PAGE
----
Extremely interesting article from an oil industry trade publication..
Is Venezuela's oil production rapidly waning? One source reports that the world's fifth largest oil producer is showing signs of a rapid decrease in production, one of the key tenets of the peak oil theory.
Venezuela is buying oil from Russia in order to avoid defaulting on deliveries to clients. The situation raises serious questions about the country's oil production and the future of PDVSA as a major oil producer, and increases the risk to the U.S. oil supply should the country's oil production suddenly plummet.
According to the Financial Times: "Venezuela, the world's fifth-largest oil exporter, has struck a $2bn deal to buy about 100,000 barrels a day of crude oil from Russia until the end of the year. Venezuela has been forced to turn to an outside source to avoid defaulting on contracts with "clients" and "third parties" as it faces a shortfall in production, according to a person familiar with the deal. Venezuela could incur penalties if it fails to meet its supply contracts."
The news has so far been very much inside baseball, as it has not made the mainstream, due to competition from more sensational stories such as the illegal alien marches, and the media's obsession with oil company profits.
But, as these things go, we may be on the verge of a major developing story.
I would suspect that the reasons behind this are more geopolitical and economic than they are driven by production capacity. Venezuelan leader Hugo Chavez wants to exacerbate the global oil supply crunch to make it impossible for the US to attack Iran. With oil prices hovering near $70/bbl any move against Iran would cause prices to spike to a level that would have catastrophic effects on the global economy. However, the Venezuelan national oil company PDVSA cannot afford to renege on its prior contractual obligations to supply oil to its customers. The solution: buy it elsewhere and resell it while cutting domestic production. Reducing domestic production even by just 10% has a significant impact on the global supply/demand balance in this tight market.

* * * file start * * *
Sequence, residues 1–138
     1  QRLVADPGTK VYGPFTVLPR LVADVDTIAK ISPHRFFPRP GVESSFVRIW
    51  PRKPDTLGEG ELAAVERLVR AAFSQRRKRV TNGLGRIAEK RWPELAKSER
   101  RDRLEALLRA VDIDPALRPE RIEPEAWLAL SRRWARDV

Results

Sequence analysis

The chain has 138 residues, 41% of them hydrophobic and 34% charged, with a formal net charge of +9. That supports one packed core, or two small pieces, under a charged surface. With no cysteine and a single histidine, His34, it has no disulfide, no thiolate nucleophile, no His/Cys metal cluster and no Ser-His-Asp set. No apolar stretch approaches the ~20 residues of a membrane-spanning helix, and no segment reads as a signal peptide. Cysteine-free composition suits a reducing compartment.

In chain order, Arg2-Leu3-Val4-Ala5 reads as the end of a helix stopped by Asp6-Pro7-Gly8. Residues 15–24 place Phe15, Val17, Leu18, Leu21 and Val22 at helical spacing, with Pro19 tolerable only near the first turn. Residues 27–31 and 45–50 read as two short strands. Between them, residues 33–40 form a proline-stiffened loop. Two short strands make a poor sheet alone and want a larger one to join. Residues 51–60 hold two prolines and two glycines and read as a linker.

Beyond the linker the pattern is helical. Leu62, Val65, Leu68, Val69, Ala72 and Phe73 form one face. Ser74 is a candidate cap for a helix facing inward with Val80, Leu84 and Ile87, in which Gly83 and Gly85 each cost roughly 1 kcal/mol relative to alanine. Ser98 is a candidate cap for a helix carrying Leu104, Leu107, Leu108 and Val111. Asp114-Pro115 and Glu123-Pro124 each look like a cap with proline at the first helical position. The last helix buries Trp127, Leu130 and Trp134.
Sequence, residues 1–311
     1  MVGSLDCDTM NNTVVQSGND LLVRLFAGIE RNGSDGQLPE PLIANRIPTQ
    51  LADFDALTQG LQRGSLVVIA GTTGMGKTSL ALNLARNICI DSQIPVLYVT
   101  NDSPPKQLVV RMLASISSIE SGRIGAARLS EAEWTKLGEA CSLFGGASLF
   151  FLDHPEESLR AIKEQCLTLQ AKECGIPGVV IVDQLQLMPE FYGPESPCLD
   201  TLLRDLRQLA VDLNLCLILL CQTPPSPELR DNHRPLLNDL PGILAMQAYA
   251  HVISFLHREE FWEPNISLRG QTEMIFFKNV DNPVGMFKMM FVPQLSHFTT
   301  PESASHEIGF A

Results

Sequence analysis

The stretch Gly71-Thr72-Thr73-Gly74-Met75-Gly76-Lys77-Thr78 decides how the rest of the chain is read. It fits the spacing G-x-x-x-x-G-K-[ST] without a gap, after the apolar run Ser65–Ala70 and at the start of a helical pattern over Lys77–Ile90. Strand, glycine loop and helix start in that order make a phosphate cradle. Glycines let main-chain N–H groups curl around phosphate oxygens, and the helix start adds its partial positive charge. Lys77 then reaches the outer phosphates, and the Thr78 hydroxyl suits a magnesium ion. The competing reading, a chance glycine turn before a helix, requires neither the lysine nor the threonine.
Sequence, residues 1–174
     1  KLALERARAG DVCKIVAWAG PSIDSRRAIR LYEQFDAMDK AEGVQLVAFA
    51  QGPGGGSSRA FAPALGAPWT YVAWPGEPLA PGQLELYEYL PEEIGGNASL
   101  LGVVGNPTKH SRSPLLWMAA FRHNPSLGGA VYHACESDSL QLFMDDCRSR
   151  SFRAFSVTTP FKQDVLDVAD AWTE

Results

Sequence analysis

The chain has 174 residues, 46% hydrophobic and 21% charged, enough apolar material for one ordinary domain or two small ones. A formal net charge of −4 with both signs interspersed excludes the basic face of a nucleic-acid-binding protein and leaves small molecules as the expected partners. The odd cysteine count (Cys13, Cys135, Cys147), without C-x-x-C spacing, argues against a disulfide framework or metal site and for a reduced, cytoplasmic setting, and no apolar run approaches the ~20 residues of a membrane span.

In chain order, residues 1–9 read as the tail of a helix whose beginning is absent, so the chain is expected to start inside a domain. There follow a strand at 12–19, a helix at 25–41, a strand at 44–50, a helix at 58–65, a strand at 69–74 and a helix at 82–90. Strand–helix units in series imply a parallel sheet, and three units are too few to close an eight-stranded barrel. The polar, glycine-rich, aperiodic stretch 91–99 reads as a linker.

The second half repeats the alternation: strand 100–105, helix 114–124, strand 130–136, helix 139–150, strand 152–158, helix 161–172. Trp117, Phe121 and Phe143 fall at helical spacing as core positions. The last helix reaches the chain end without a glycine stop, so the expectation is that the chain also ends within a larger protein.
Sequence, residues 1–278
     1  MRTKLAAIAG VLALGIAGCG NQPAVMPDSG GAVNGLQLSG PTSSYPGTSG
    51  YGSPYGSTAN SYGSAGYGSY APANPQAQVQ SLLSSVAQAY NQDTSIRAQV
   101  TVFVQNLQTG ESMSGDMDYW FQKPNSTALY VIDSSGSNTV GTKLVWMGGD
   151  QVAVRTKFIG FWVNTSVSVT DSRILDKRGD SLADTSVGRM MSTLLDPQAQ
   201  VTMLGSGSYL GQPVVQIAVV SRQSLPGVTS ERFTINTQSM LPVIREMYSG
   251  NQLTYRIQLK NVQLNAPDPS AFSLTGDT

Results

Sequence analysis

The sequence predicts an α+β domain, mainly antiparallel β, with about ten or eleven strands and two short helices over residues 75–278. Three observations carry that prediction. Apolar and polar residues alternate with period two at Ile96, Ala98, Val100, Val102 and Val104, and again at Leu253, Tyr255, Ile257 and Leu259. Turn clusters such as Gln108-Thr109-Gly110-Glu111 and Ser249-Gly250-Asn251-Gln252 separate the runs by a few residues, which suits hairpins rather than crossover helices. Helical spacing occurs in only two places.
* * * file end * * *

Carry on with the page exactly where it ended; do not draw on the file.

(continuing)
The purchase of Russian oil also would likely have been made with dollar assets that would otherwise have been invested in U.S. Treasuries or in other dollar denominated securities. Pulling those funds out of the the United States accordingly would deal another, smaller blow to the U.S. economy.
At the same time, newly elected Bolivian leader Evo Morales has nationalized the important energy sector of that country, with the support of Chavez.
Chavez has openly supported Iran in its dispute with the United States. If the U.S. launches an attack against Iran, Chavez could well take additional action, possibly including a cessation of oil exports to the U.S. This would cause a bona fide state of emergency in the U.S. and quite likely lead to attempted military intervention. With the U.S. military already being stretched thin throughout the world, a situation such as that could take some time to resolve, perhaps more time than the Strategic Petroleum Reserve could provide.